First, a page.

Blue Origin opened its new headquarters and research and development facility Monday in Kent.
The facility is Blue Origin’s hub of operations as it continues to grow since opening in 2000 in Kent. The aerospace company, owned by Amazon founder Jeff Bezos, finished its 236,000-square-foot facility along 76th Avenue South between South 212th Street and South 228th Street. The company aims to one day carry passengers far into space.
The current facility covers about 260,000 square feet on 26 acres at 21218 76th Ave. S. The new facility went up on a portion of 31 acres Blue Origin bought from the Barnier family, which had farmed land in the Kent Valley for generations, for $14.1 million in 2017, according to King County property sales records.
Below are excerpts from remarks given by Blue Origin CEO Bob Smith at the Monday ribbon cutting event, according to a Blue Origin email:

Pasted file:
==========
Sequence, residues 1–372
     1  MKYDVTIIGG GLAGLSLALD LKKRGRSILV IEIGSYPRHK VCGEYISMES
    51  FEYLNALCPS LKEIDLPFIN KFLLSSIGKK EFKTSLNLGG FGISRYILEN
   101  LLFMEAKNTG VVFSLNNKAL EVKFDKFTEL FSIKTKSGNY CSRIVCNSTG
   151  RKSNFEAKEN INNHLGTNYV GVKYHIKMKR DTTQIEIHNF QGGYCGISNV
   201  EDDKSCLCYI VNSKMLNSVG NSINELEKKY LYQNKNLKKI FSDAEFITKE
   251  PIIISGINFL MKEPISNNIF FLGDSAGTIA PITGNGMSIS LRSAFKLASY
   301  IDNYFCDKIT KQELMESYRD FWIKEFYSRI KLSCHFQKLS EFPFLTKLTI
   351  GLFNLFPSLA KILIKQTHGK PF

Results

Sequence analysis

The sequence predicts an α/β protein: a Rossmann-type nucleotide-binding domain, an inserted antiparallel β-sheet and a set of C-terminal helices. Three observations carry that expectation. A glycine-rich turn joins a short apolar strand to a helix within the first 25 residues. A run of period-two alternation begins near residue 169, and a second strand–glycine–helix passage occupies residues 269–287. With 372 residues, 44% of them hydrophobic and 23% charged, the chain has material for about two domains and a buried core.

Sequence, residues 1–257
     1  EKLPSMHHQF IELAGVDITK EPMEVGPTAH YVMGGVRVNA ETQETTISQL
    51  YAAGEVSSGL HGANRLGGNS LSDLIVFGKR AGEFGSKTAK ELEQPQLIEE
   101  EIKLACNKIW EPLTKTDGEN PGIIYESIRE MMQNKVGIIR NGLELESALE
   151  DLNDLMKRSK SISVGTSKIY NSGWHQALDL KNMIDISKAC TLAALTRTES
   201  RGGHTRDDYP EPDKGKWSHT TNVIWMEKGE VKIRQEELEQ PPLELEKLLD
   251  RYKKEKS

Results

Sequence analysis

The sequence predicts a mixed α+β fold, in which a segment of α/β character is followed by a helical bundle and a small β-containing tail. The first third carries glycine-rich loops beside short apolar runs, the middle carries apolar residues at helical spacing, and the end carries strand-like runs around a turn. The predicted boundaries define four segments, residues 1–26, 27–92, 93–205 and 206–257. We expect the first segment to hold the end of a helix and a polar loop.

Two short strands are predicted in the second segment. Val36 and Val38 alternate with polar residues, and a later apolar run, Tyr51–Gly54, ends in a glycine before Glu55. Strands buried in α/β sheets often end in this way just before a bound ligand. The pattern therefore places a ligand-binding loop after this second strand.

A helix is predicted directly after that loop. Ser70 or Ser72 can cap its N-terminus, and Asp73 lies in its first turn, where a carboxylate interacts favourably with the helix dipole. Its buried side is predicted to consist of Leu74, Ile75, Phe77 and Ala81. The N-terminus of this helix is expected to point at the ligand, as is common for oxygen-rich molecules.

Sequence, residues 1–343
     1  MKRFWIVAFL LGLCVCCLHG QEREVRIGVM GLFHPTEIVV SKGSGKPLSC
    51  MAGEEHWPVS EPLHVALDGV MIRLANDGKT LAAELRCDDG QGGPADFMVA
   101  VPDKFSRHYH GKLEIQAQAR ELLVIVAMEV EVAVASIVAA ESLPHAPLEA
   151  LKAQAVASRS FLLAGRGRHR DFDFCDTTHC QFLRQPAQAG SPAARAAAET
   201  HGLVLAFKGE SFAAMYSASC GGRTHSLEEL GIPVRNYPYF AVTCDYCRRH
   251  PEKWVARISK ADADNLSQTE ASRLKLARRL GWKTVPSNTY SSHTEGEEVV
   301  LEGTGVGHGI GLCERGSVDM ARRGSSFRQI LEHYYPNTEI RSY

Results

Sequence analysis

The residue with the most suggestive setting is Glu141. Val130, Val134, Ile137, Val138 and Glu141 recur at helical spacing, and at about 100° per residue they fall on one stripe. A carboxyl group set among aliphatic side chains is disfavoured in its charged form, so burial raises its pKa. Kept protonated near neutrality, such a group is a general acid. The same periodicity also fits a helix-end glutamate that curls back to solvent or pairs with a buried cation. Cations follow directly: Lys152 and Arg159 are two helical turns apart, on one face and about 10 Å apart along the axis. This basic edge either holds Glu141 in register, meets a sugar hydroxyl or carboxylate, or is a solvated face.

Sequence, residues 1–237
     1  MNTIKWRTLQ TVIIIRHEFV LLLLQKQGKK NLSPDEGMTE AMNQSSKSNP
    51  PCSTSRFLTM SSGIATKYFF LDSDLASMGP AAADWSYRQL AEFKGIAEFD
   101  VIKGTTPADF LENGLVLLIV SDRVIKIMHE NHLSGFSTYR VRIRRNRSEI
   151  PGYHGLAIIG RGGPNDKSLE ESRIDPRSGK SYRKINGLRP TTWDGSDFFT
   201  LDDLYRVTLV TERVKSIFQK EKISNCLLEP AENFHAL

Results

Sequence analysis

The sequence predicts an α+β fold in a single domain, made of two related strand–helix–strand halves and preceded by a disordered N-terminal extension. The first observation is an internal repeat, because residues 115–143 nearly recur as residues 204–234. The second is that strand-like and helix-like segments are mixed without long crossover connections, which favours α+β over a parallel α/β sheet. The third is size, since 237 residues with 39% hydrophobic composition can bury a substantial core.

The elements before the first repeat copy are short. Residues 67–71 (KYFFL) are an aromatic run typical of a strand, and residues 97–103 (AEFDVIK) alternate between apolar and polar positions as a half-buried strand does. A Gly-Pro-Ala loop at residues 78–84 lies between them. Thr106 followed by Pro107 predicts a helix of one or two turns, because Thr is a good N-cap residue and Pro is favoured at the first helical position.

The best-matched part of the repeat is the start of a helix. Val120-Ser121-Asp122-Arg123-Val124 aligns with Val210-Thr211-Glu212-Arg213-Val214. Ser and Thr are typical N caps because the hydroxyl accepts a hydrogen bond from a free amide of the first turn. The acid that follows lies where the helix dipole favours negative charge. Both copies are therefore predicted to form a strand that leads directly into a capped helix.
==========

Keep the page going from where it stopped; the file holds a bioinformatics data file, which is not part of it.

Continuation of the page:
“2019 was a great year of progress and preparation for us, and 2020 is going to be even more remarkable – so we’re growing quickly. We grew by a third last year and we’re going to continue to grow at a rapid pace.
We named this building the O’Neill Building after Gerard O’Neill, a physicist who envisioned millions of people living and working in space for the benefit of Earth. Gerard O’Neill was one of the visionaries who thought about how we go out into space in a quick and sustainable way so that we can preserve our planet.
For those of you that are Washington state residents, what is exciting is we’re going to be doing all this work from a headquarters based here in Kent. It’s a remarkable statement to say that we’re going to fly humans to space, we’re going to build and design large engines and a large orbital rocket, and we’re going to go back to the Moon – all through work centered here.
We’re excited to continue to see this growth in this new facility. We broke ground on this facility in January of 2019 and it came up in just 11 months. It houses approximately 1,500 people. The building sits on a 30-acre plot of land, and we’re using 13 of those acres for a wildlife habitat and flood storage, as well as protecting against invasive species. This is a very sustainable building with better insulation and better energy consumption than a traditional building.”